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25-02-2012, 11:13   #61
P. Breathnach
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This must be wrong so. http://en.wikipedia.org/wiki/Roger_Casement

Roger Casement - Ruairí Mac Easmainn.
It's neither right nor wrong.

Rory is an anglicisation of Ruairí, so the two names are effectively the same, and valid "translations" of one another. Similarly (so far as I know, anyway) Pól is a gaelicisation of Paul, so the words serve as translations of one another.

There is another phenomenon: the matching of Gaelic names with English ones, often on the basis of some similarity. That's fairly arbitrary. Taking Ruairí as the Irish for Roger is one such arbitrary match. Another arbitrary match that I think odd is setting Abigail as the translation for Gobnait. But who is the gainsay anybody saying "My name in English is Jeremiah; In Irish, I wish to be known as Diarmaid"? There is no right or wrong involved.

It might become interesting as our "new Irish" with given names from Eastern Europe or from Africa proceed through the school system, and some of them become enthused by the Irish language. What if little Jumoke decides that she wants to be known in Irish as Gráinne?
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25-02-2012, 11:24   #62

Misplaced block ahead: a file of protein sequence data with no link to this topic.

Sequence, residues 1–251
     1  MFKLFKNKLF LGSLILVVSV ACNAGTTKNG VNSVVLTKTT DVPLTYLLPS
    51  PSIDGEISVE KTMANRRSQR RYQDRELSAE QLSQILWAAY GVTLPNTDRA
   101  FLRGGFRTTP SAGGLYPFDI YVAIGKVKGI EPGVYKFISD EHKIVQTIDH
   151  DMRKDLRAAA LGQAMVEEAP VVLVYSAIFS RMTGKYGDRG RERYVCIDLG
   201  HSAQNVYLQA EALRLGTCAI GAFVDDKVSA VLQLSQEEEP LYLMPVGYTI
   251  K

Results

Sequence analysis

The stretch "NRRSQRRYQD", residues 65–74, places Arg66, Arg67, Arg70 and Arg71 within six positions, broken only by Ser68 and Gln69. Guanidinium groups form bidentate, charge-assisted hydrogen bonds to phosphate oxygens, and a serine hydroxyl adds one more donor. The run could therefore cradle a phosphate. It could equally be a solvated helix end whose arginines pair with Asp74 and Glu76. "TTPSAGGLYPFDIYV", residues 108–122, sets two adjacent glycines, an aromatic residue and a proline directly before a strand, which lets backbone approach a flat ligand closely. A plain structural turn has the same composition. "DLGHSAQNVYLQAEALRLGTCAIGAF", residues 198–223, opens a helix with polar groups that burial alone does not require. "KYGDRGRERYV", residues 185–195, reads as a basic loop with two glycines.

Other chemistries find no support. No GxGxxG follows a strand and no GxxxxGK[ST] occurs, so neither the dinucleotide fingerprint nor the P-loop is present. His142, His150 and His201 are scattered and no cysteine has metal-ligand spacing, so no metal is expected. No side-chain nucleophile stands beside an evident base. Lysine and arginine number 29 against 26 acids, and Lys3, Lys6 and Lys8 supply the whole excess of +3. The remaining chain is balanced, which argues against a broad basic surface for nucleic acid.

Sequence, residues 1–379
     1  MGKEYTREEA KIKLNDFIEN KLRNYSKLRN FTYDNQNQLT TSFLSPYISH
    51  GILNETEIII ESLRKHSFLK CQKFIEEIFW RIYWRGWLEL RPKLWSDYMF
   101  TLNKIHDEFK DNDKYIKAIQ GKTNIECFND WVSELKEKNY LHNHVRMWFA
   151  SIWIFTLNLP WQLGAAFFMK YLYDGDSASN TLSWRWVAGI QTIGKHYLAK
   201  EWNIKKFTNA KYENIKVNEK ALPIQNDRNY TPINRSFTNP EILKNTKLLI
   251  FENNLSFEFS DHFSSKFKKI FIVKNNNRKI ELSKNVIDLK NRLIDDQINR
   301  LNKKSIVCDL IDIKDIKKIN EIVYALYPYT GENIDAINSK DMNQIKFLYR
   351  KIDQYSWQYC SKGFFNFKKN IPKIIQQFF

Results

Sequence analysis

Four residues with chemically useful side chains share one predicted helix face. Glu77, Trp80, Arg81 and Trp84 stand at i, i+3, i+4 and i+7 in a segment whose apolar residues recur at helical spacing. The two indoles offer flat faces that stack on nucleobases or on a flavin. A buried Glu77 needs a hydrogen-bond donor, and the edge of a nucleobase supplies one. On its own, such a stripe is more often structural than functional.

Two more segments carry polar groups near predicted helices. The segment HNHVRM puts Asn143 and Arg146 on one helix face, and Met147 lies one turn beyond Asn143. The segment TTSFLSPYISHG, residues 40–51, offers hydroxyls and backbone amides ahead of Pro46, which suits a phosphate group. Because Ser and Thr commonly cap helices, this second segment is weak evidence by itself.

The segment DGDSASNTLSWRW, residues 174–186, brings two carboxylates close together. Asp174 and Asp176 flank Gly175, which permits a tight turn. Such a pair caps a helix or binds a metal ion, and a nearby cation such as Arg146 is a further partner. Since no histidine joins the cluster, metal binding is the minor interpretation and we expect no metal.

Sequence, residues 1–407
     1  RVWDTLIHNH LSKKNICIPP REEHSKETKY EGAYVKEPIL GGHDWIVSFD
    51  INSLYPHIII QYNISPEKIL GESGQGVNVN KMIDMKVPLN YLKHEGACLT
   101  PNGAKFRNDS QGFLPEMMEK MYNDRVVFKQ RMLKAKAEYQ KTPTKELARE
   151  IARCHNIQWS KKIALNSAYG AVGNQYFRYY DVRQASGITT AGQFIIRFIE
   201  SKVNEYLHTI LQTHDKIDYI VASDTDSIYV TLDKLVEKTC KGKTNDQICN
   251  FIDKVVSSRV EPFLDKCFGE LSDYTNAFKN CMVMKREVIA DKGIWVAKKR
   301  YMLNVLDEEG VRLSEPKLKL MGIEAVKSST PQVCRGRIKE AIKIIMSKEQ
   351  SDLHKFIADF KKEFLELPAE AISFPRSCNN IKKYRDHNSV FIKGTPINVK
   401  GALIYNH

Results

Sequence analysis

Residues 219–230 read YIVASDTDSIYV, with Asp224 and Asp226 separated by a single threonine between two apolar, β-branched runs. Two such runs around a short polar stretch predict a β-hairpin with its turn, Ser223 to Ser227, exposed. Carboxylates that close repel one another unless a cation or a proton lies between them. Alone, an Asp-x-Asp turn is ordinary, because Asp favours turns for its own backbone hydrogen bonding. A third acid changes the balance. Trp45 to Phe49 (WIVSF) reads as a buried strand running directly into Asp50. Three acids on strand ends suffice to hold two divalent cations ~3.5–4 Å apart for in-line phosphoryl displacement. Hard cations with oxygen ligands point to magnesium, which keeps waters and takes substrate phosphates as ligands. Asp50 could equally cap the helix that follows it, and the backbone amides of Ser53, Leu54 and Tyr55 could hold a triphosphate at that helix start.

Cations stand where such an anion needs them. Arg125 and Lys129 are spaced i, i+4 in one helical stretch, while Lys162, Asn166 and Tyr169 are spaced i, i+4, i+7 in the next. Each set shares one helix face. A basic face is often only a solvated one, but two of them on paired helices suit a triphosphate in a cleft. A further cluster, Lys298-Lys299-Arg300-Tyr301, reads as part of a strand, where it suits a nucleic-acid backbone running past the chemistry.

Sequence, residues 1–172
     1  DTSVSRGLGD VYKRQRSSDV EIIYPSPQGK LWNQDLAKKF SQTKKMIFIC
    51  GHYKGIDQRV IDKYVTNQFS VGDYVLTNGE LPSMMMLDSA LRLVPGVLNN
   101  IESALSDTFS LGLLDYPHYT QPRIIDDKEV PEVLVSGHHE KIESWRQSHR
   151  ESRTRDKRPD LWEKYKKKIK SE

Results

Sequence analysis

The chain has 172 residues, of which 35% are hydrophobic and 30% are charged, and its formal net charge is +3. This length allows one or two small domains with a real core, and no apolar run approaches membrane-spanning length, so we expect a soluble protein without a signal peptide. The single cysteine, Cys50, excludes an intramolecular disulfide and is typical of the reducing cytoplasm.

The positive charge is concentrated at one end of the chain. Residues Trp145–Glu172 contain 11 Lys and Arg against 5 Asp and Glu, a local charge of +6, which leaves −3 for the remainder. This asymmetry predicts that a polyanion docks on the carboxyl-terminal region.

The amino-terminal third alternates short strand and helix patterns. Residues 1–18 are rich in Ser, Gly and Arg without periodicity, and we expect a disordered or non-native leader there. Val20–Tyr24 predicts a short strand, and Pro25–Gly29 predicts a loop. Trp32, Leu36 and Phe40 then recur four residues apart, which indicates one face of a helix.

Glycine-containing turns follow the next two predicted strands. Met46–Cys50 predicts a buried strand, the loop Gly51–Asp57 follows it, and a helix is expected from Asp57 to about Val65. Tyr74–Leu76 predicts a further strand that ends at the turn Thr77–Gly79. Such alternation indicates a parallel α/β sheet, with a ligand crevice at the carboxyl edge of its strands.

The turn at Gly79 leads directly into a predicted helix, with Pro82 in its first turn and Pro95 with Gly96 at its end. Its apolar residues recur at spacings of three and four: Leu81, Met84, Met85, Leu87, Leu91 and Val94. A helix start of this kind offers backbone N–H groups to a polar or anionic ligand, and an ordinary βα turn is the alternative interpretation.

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From what I can gather, the ancient name of Mac Ruairí in Ulster became anglised in Tyrone as McRory/McCrory and in Donegal as Rodgers/Rogers.

Last edited by An gal gréine; 25-02-2012 at 11:30.
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25-02-2012, 11:28   #63
 
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It's neither right nor wrong.

Rory is an anglicisation of Ruairí, so the two names are effectively the same, and valid "translations" of one another. Similarly (so far as I know, anyway) Pól is a gaelicisation of Paul, so the words serve as translations of one another.

There is another phenomenon: the matching of Gaelic names with English ones, often on the basis of some similarity. That's fairly arbitrary. Taking Ruairí as the Irish for Roger is one such arbitrary match. Another arbitrary match that I think odd is setting Abigail as the translation for Gobnait. But who is the gainsay anybody saying "My name in English is Jeremiah; In Irish, I wish to be known as Diarmaid"? There is no right or wrong involved.

It might become interesting as our "new Irish" with given names from Eastern Europe or from Africa proceed through the school system, and some of them become enthused by the Irish language. What if little Jumoke decides that she wants to be known in Irish as Gráinne?